Tonight, Tang is holding court upstairs in the banquet room. Clad in one of his traditional hand-tailored mandarin silk suits, he might almost be mistaken for some parody of an over-aged Chinese houseboy--except that he is waving his ever-present cigar and introducing guests to each other with manic enthusiasm (never mind if he doesn't get all the names quite right)--in short, presiding over the party with Proustian aplomb. Has writer Jan Morris (who has just updated her classic book on Hong Kong) met Jung Chang (author of Wild Swans)? Has international celebrity and fashion maven Diane Von Furstenberg (who has just arrived on a tour) met tonight's pianist, Brenda Lucas Ogdon? Tang is a gale force of networking energy--a veritable Chinese Pearl Mesta.

At first glance it is tempting to view the China Club as just another celebrity watering hole and Tang as an almost comical throwback to a bygone era. In actuality, the China Club is a much more interesting place and David Tang a far more complex and fascinating figure than such a superficial view might suggest. The club has become a roundhouse for all the forces that are shaping Hong Kong and Asia, while Tang himself has become both a symbol of and a catalyst for a newly evolving Chinese identity. As Andrew Higgins, Hong Kong correspondent for the British paper, The Guardian, only half jokingly put it, "Tang is much more interesting than he pretends to be."

"He's one of those rare people who cheers the world up," says Hong Kong Gov. Chris Patten. "Life and Hong Kong would be much poorer without him."

Indeed, watching the bonhomie with which Tang mixes among the evening's guests from within his own little atmospheric haze of cigar smoke that invariably surrounds him, there is no doubt that he and his club are at the center of a social hot spot. But what makes Tang so interesting is not just that he is socially ambitious or successful in business--which is nothing special in Hong Kong--but that he is also a polymath who dabbles in culture and politics as well. As such, he is playing a fascinating role in helping to fashion a new syncretic identity for both Hong Kong and China's up-and-coming generation. It is an identity that borrows randomly--and sometimes flamboyantly--from both East and West, as well as the past and present, and that does not shrink back from pop culture and commercialization.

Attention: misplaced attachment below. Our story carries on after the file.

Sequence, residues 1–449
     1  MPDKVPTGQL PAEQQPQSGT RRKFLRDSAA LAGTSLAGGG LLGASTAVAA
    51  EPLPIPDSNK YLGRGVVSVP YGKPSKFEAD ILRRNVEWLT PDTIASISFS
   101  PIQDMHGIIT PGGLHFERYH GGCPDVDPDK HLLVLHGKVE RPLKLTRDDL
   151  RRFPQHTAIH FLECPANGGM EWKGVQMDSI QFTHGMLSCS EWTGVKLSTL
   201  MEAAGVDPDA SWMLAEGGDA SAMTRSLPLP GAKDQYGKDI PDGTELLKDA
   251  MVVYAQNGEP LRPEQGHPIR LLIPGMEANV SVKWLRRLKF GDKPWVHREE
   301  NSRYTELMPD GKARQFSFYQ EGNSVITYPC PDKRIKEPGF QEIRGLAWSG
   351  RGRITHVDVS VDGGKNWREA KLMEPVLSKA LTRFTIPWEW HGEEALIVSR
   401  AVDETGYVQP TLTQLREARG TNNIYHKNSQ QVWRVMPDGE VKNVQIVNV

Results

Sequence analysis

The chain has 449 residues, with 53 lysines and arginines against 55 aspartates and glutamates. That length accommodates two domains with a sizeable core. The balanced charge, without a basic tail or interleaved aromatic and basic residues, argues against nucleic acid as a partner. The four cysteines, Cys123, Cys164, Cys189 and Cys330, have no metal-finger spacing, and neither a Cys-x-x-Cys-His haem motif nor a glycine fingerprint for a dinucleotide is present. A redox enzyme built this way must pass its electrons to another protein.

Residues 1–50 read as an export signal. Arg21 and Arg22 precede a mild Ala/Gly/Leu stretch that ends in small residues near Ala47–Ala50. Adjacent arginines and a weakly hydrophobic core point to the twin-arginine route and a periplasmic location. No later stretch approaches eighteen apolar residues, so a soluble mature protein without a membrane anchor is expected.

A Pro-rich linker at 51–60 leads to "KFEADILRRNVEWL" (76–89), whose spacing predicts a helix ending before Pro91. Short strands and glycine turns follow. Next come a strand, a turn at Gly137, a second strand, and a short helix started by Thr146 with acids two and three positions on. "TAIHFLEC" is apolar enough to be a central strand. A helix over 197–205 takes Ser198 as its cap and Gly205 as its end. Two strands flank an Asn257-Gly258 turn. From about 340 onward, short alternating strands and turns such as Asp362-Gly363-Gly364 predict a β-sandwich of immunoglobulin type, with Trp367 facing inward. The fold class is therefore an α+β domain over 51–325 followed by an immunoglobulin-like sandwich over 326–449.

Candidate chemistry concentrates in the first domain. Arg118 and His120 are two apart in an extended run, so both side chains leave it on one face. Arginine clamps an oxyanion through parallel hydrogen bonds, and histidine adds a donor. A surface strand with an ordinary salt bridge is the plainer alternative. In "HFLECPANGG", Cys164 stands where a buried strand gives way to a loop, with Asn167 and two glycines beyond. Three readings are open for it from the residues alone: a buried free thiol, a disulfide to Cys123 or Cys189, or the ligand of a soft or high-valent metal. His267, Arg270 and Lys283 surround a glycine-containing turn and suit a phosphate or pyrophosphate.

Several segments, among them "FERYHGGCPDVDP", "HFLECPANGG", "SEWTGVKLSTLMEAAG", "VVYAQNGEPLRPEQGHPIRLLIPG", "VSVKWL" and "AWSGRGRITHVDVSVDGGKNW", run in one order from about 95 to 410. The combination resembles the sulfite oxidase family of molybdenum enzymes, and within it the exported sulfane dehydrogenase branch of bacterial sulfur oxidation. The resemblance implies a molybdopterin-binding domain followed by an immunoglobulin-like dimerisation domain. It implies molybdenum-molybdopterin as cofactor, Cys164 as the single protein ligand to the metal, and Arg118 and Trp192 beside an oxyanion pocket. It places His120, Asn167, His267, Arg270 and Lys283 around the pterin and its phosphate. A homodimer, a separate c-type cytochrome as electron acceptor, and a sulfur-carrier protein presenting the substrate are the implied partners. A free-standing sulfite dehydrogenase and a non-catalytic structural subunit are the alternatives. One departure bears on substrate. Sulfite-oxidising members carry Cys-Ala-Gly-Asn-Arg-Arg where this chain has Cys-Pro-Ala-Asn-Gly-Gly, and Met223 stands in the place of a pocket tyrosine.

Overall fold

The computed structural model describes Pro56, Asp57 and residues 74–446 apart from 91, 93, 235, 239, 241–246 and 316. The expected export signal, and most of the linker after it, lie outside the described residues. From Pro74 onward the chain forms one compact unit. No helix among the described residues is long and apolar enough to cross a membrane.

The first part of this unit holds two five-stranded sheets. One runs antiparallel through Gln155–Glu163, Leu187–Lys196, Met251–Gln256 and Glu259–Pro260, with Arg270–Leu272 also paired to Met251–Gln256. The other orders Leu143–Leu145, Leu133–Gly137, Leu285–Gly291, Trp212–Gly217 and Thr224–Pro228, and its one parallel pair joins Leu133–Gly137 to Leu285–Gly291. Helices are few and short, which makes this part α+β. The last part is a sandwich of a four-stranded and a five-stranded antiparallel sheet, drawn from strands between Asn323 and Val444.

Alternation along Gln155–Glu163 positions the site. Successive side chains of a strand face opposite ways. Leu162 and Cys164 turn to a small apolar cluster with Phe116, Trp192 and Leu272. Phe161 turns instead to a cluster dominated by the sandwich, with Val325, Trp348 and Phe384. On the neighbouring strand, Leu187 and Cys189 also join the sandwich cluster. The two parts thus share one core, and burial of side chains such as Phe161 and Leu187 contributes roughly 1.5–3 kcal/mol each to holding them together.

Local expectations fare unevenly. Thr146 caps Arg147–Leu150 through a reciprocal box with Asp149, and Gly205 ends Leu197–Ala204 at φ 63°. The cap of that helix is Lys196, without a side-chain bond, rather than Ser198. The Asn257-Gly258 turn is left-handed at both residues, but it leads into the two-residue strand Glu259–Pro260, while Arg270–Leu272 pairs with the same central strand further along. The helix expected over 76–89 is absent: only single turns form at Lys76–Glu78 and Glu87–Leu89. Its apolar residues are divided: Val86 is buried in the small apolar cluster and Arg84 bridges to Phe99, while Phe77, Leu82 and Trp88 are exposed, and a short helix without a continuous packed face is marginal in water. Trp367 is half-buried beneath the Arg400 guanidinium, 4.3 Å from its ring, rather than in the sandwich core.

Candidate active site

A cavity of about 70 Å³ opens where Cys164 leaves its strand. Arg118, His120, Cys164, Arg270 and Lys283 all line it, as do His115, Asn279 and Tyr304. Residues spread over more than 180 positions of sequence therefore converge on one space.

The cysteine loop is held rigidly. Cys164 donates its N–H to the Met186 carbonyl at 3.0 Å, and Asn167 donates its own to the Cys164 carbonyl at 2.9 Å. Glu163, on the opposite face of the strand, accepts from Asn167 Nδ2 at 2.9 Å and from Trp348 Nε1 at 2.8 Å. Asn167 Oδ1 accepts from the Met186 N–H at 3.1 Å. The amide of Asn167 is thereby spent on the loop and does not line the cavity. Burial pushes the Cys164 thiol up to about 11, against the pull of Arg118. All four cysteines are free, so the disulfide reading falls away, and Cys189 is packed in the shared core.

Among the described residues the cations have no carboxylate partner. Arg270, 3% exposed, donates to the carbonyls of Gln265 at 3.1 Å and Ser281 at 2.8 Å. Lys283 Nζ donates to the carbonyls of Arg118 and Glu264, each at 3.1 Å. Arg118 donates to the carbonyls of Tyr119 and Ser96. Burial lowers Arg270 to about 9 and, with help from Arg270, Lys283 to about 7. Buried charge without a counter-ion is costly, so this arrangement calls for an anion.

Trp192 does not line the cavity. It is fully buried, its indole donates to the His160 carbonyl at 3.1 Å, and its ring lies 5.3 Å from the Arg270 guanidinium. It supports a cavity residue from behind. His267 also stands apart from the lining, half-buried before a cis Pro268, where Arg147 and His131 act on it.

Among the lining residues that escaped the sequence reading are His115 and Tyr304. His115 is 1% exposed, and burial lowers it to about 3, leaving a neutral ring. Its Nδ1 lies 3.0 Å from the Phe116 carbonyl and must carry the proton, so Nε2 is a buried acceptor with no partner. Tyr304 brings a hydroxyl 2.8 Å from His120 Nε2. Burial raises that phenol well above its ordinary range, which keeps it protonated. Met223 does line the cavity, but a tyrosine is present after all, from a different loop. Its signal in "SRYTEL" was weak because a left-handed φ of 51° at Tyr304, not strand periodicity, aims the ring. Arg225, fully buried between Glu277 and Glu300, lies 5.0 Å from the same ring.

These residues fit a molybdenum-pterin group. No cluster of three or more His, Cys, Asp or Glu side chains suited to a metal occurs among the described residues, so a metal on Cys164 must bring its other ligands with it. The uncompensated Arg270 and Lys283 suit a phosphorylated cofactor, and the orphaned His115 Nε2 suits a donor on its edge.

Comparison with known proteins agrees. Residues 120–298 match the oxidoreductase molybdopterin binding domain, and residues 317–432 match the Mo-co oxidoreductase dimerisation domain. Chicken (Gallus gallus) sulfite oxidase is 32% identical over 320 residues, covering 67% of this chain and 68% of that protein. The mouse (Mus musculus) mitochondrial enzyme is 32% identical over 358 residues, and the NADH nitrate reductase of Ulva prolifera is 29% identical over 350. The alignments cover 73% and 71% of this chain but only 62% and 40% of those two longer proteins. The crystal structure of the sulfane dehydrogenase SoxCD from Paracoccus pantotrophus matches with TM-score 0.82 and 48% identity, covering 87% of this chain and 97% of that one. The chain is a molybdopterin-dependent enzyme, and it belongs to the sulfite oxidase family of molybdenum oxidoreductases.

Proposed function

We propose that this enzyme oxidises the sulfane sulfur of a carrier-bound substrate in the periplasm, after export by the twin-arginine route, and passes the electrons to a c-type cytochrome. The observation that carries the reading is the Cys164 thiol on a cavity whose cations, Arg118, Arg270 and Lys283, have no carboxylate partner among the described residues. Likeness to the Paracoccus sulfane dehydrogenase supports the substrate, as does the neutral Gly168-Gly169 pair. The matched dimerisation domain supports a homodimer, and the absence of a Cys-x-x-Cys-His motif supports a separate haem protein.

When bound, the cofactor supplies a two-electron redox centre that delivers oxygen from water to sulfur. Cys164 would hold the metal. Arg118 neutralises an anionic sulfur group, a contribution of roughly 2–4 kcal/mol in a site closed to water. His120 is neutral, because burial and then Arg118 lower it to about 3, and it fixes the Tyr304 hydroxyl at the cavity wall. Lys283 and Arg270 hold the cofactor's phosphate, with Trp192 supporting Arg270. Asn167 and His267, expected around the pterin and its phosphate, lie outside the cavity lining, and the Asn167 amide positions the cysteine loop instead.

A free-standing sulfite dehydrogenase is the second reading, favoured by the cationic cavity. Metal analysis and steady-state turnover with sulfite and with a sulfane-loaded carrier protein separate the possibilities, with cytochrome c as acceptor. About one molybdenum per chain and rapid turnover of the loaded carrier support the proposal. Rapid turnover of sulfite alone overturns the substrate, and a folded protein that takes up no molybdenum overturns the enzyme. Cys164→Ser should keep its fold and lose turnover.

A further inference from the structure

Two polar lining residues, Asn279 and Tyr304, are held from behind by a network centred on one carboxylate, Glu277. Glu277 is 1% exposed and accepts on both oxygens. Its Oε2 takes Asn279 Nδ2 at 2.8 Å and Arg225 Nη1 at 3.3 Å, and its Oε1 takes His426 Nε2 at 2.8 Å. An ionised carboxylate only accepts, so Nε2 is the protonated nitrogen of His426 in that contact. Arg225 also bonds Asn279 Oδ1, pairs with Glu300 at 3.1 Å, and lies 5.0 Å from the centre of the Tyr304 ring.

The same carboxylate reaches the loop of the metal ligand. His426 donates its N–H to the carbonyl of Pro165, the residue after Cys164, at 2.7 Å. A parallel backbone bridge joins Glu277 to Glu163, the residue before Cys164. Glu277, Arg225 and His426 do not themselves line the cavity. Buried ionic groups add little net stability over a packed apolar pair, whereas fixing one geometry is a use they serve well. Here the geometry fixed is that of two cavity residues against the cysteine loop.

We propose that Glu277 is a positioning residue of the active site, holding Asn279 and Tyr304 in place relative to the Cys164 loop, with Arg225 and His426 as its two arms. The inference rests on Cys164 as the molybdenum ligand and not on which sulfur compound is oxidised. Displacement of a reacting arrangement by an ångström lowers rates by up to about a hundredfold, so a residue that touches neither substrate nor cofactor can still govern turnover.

One of his signature emblems is an omnipresent Cohiba, an interesting story in itself. Tang is the chairman of the Pacific Cigar Co. Ltd. (which controls the Cuban cigar franchise for Canada and the whole Asia/Pacific region) and the owner of the Cigar Divan, a shop dedicated entirely to Cuban cigars, located in the lobby of the classically elegant Mandarin Oriental Hotel. Tang tells me that he became acquainted with cigars after he got into university in England. "My father gave me a Romeo y Julieta in a tin tube and told me, 'Now you're a man,' " he recalls fondly. "So, naturally I smoked it, and because it was so mild, I thought I could take on any large cigar." He laughs. "Anyway, I became hooked and became a passionate cigar smoker."

And how did he come to be the purveyor of cigars to Asia?